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Do It Yourself Quikrete Epoxy Garage Floor Coating

If you are a new homeowner looking to add a coating to your garage floor, or just a customer looking to repair the cracks of your current garage, the Quikrete Epoxy Floor Coating kit is one of the top products available on the market. It provides a strong, sturdy seal to a concrete floor that can withstand parked cars, weather, and any other durability concerns. This easy do it yourself floor coating is available at nearly any home improvement store or directly online from the manufacturer, and will cost only fifty to sixty dollars to completely seal a typical garage floor. This garage floor coating review covers the basics and specifics of epoxy coatings capabilities.

Quikrete markets its product as twice as strong as a standard cement seal, meaning less impact from constant automobile traffic or grounding heavy furniture or other objects. Heavy-duty resin in the material means that one coat is enough for years — perhaps even decades — of protection. The concrete sealer comes in a variety of color schemes so that interior designers as well as homeowners can take advantage of offsetting or combining colors in a painted garage. The simple to apply epoxy is available in one sixteen pound box, capable of over one hundred square feet of coating.

Customers are generally agreed on the efficiency and durability of this do it yourself garage floor coating. While almost all claim that the material is relatively easy to set up and install, there are concerns over durability and protection but these can usually be traced to not following the directions for applications.

Customers applying the material in summer or living year round in high temperature areas have had difficulty getting the solvent to bond to the floor. Temperatures of eighty degrees or higher seem to drastically slow the drying process, so that even after ten days, two separate coats of Quikrete still have not cured fully. Of course extreme heat can slow the curing process so if you live in a hot climate this would be a great project for the spring or fall.

Some customers find that oil spills on garage floors tend to offset the application of Quikrete epoxy coatings. Especially messy floors with multiple oil stains or layers find that the oil peels away the coating after a few months time. This is absolutely to be expected as any garage floor coating needs to be applied to a clean floor. Once you scrub the floor with soap and water it is time to do the water bead test. Spray a sheen of water on the floor and see if it beads up. If it does, you will need to degrease the floor because old oil stains are still present. The surface must be clean or it is just like trying to paint over a dusty wall, the paint will just peel off.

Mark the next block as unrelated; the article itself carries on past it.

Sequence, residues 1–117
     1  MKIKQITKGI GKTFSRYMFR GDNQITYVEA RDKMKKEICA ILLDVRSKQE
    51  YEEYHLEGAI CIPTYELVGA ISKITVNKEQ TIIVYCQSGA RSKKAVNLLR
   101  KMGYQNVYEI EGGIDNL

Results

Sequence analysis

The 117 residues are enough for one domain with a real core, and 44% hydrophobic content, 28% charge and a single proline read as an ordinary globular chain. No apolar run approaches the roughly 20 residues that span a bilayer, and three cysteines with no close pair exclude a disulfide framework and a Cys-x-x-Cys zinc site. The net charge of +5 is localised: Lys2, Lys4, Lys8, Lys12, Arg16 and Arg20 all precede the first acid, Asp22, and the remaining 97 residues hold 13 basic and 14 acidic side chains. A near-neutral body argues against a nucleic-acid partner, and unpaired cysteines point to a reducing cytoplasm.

Most customers have found the coating to be an entirely satisfactory product. A short movie is included with the box so that a systematic guide is available for those who have difficulty following written directions or have little experience with home renovation and repair. The color chips allow for a wide variety of combination and patterns, which some customers find appealing given the state of their garage. Many have found that the Epoxy sealer works best when methodical and thorough cleaning of the floor erases all contaminants and stains; although this can be an extremely time consuming process, the result of cleaning vigorously is to have the product protect and illuminate the floor just as advertised.

The Quikrete garage floor coating is currently not available so we have substituted a product that is just as good and if not, better. If you are interested in a new coat for your garage, you can find more information here Rust-Oleum 238466 Professional Floor Coating Kit, Dunes Tan


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10 Comments for “Do It Yourself Quikrete Epoxy Garage Floor Coating”

  1. do i need a sealer on my new epoxy floor.

  2. Hi Rich,
    As long as you apply the epoxy inside you don’t need to apply a sealer. If you bought a kit then everything will usually come in the box. If you applied the epoxy outside then you need to worry about clouding from the Sun’s UV rays and a coating can help with this.

  3. What is the best method for preping, ecthing the floor, in a four car with some piting from years of salt etc.

  4. Hi Steve,